Low commodity prices have drastically cut exploration and development budgets around the world. In the Gulf of Mexico alone, infill drilling on mature fields dropped from 149 wells between January and July 2014 to a total of 61 wells during the same period this year. There has been attrition in the number of Gulf floating rigs, dropping from 96 in 2009, to 36 in 2014. Bidding for offshore leases has also been tepid
Long-standing participants in the Gulf are reconsidering their holdings. Freeport-McMoRan Inc., which pioneered the exploration of ultradeep gas reservoirs in the region, is considering divesting its oil and gas assets. The Phoenix-based company has substantial holdings in the deepwater Gulf, California and Louisiana. Enterprise Products Partners is selling its Gulf offshore assets to Genesis Energy, including over 1100 miles of crude pipelines, 1200 miles of gas pipelines, and portions of six platforms. Genesis will pay US$1.5 billion in cash.
According to the Society of Petroleum Engineers (SPE), day rates for offshore rigs have dropped from their peak levels of US$600 000/d in 2013 to approximately US$300 000/d; a significant saving for cash-strapped operators. The SPE predicts that the rock-bottom rates should hold throughout 2016, and only begin to rise when the fourth and fifth generation of floating rigs begin to enter service later in the decade.
Although drilling has dropped drastically in offshore basins, this is expected to have a positive effect on commodity prices. Rystad Energy estimates that mature offshore fields currently account for 15 million bpd of worldwide production. A slowdown in offshore infill drilling will result in production declines of 1.5 million bpd, to 13.5 million bpd by latter 2016. This represents a significant readjustment in the supply/demand equation.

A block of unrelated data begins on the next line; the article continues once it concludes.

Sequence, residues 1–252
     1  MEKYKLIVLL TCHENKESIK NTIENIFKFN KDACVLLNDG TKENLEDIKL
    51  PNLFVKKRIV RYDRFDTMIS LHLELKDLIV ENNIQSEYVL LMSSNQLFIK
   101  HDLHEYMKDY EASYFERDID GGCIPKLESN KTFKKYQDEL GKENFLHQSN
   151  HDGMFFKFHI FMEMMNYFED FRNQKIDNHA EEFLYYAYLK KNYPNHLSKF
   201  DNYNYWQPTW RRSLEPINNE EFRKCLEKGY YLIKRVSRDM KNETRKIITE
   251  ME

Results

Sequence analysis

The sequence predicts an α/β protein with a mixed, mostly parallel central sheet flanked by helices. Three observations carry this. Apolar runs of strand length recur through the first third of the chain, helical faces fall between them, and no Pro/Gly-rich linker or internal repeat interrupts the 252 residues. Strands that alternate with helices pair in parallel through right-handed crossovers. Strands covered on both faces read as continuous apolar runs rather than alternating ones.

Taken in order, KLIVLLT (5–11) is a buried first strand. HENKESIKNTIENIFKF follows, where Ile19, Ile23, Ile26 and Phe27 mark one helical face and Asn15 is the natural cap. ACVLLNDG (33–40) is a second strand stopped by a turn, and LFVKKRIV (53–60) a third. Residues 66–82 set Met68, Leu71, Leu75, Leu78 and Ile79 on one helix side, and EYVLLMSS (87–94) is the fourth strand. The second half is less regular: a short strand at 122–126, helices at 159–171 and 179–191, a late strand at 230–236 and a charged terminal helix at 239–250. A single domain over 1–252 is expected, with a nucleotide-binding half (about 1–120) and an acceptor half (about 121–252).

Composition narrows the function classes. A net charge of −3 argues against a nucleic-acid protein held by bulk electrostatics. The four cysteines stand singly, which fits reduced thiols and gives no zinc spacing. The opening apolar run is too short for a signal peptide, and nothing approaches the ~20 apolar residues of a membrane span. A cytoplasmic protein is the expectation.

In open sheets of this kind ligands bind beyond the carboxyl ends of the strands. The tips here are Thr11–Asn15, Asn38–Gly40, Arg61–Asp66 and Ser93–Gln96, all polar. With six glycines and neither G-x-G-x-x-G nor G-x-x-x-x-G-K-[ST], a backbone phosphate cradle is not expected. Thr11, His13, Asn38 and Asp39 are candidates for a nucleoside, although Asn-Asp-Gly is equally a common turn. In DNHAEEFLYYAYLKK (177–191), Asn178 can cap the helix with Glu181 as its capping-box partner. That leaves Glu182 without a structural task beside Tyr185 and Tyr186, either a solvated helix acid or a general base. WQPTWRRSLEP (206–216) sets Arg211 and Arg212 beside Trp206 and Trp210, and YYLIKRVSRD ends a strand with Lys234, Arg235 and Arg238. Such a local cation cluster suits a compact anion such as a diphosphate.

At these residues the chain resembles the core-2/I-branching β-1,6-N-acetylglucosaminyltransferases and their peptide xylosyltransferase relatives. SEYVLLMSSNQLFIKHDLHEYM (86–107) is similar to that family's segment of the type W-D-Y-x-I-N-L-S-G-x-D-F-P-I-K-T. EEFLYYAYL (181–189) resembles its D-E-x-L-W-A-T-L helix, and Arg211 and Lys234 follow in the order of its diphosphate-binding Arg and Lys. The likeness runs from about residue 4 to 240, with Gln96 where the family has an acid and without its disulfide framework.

As prices slowly recover into the US$70 range, a raft of initiatives become economically viable. At a recent SPE conference, Chairman Ivor Ellul stated: “Technology will win the day. It’s up to us to deliver.”
New offshore discoveries
New discoveries continue to load the field development pipeline for the coming decade. Recently, Statoil proved up a substantial subsalt Miocene deposit near the Big Foot and Cascade fields in the Walker Ridge region. Although the Norwegian company has yet to determine the size of the discovery, it is confident that the find will allow it to expand the Miocene play further south and west of current proven assets.
Chevron publicly confirmed that its Anchor prospect in the Green Canyon region, 140 miles offshore Louisiana, has a combined hydrocarbon column of at least 1800 ft in the Lower Tertiary, which is in 5180 ft of water and at a depth of 33 750 ft.
In addition, Mexico, which has long been off limits to international exploration, has recently reversed its constitutional ban on foreign ownership and is inviting international firms to participate in its energy future. The USGS estimates that the Mexican portion of the Gulf of Mexico could hold up to 15 billion bbls of undiscovered, recoverable reserves. The government has been holding bidding for offshore oil explorations rights. The auctions have met with mixed success, but the process is evolving to make the land more attractive, and exploration is expected to eventually help reverse Mexico’s declining production.
However, opposition to pipelines in general is growing. The price outlook for both oil and gas in the short term is considered dire, and will undoubtedly cause many participants to leave the region.
Regardless of the challenges, the Gulf Coast region has been a traditional powerhouse in the US oil and gas sector. It is incessantly adapting to take advantage of the evolving energy mix, both within the US and around the world. As such, it will continue to attract investments from midstream companies’ intent on servicing the needs of field operators, refineries and petrochemical plants.
Written by Gordon Cope and edited from published article by Stephanie Roker
To read the full version of this article, please download a copy of the January 2016 issue of World Pipelines.
Read the article online at: https://www.worldpipelines.com/special-reports/28032016/forecast-calmer-waters-part-2/